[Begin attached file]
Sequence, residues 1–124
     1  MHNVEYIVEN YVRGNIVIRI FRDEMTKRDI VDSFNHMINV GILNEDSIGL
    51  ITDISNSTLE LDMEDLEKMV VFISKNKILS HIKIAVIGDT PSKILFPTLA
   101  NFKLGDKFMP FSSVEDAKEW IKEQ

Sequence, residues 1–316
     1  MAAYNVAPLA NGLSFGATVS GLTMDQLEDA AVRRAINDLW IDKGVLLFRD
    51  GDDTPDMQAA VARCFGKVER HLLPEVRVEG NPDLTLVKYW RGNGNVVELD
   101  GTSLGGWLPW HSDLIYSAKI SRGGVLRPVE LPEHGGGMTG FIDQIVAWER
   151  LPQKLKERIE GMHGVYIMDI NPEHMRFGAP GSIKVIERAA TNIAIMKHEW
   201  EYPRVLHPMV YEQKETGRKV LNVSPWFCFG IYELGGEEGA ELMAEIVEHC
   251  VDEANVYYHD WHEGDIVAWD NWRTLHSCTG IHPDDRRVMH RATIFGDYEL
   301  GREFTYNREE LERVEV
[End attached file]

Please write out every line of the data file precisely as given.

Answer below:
Sequence, residues 1–124
     1  MHNVEYIVEN YVRGNIVIRI FRDEMTKRDI VDSFNHMINV GILNEDSIGL
    51  ITDISNSTLE LDMEDLEKMV VFISKNKILS HIKIAVIGDT PSKILFPTLA
   101  NFKLGDKFMP FSSVEDAKEW IKEQ

Sequence, residues 1–316
     1  MAAYNVAPLA NGLSFGATVS GLTMDQLEDA AVRRAINDLW IDKGVLLFRD
    51  GDDTPDMQAA VARCFGKVER HLLPEVRVEG NPDLTLVKYW RGNGNVVELD
   101  GTSLGGWLPW HSDLIYSAKI SRGGVLRPVE LPEHGGGMTG FIDQIVAWER
   151  LPQKLKERIE GMHGVYIMDI NPEHMRFGAP GSIKVIERAA TNIAIMKHEW
   201  EYPRVLHPMV YEQKETGRKV LNVSPWFCFG IYELGGEEGA ELMAEIVEHC
   251  VDEANVYYHD WHEGDIVAWD NWRTLHSCTG IHPDDRRVMH RATIFGDYEL
   301  GREFTYNREE LERVEV